7. A related claim that Islington had an obligation to "market" Whitehall Park School in the same way as it "markets" Islington schools. A claim which does not take account of the fact that while WPS had a state funded budget for marketing itself, Islington Schools had, and have, no such budget. Islington's failure to "market" given as a further explanation for the under enrolment.
8. Claiming that Islington schools, being run by "socialist" Islington do not have parental involvement in the running of the school, unlike WPS. Recall this is being said to parents with no experience of the system as they are all new parents.
So they will not know about the active PTAs in Islington Schools or the regular elections of Parent Governors. Nor could they be expected to know that WPS Governing Body has a much smaller proportion of elected parent governors than an Islington GB has, nor that WPS Governors have no control over the budget, nor do they appoint the Head ,(or remove the Head, if required), nor do they elect the Chair of Governors. All powers central to the role of School Governing Bodies in conventional state schools. So fewer parent governors, on a Governing Body with much less power.
Where are the children to be taught?
Originally at the time of the Free School Consultation
9. The proposers assured us that the old School building could be refurbished quickly and at low cost enabling reception to be taught there from September 2015. Suggestions that portocabins might be needed were brushed aside as "scare mongering"
10. Later the tone then changed. It was clear, they pointed out, in the manner of someone making an unexpected discovery that if you looked at the old building that a lot of work would be needed and therefore it was quite possible that children would have to be taught in portocabins for a term or so. But anyway, (they said) modern portocabins are very good (which they are) and it was after the closing date for applications...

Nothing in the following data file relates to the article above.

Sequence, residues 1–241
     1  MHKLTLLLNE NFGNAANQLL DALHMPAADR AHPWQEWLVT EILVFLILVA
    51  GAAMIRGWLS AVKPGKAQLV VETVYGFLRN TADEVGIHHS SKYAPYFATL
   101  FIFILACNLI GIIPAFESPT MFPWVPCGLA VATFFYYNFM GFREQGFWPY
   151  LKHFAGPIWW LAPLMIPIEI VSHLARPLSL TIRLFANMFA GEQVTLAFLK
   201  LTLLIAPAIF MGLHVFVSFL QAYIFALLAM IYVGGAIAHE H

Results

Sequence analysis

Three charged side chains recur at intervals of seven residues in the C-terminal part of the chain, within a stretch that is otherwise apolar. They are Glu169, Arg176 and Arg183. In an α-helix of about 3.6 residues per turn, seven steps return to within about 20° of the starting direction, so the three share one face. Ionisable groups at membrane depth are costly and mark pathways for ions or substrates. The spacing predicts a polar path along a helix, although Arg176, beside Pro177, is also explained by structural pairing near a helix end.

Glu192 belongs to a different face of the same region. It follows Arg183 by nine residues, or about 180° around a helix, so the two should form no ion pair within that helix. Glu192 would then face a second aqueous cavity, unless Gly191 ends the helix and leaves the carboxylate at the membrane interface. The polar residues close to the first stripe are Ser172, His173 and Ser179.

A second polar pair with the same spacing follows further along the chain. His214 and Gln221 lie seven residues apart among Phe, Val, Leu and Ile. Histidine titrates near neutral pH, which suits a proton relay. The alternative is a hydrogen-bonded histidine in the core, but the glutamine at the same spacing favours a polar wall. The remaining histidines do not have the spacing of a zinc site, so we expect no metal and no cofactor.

11. Then by July (well after the deadline for accepting places) it was announced that actually it would be better to demolish the old building and replace it with a new one. This would provide the children with a marvellous new building which would be ready by September 2015. So portocabins for the whole of the first school year then. Perhaps some concerns were starting to surface regarding time table slippage, because we were assured on the website that a project plan had been drawn up by "professionals", This set out an "entirely achievable timetable" in which planning permission would be submitted in early autumn, so the contractor could go on site in January 2015 and have the demolish and build ready eight months later. This notice no longer appears on the web site.
12. As of writing this post no planning application has yet been made, but the latest information on the web site is:
" The school will be 2072 m2 in size and we have been focusing on what are the clear priorities for school (for example we believe children learn best in large classrooms and we want to see this included in the design). We will provide more information on the draft ideas from the architects once we receive them and keep you informed on progress. The contractor is currently working on a detailed project plan for the design and build of the school, but is still working on the assumption that the new building will be handed over in September 2015 ready for the school to move in."
And there it rests, at least until after the deadline for applications for 2015 passes.....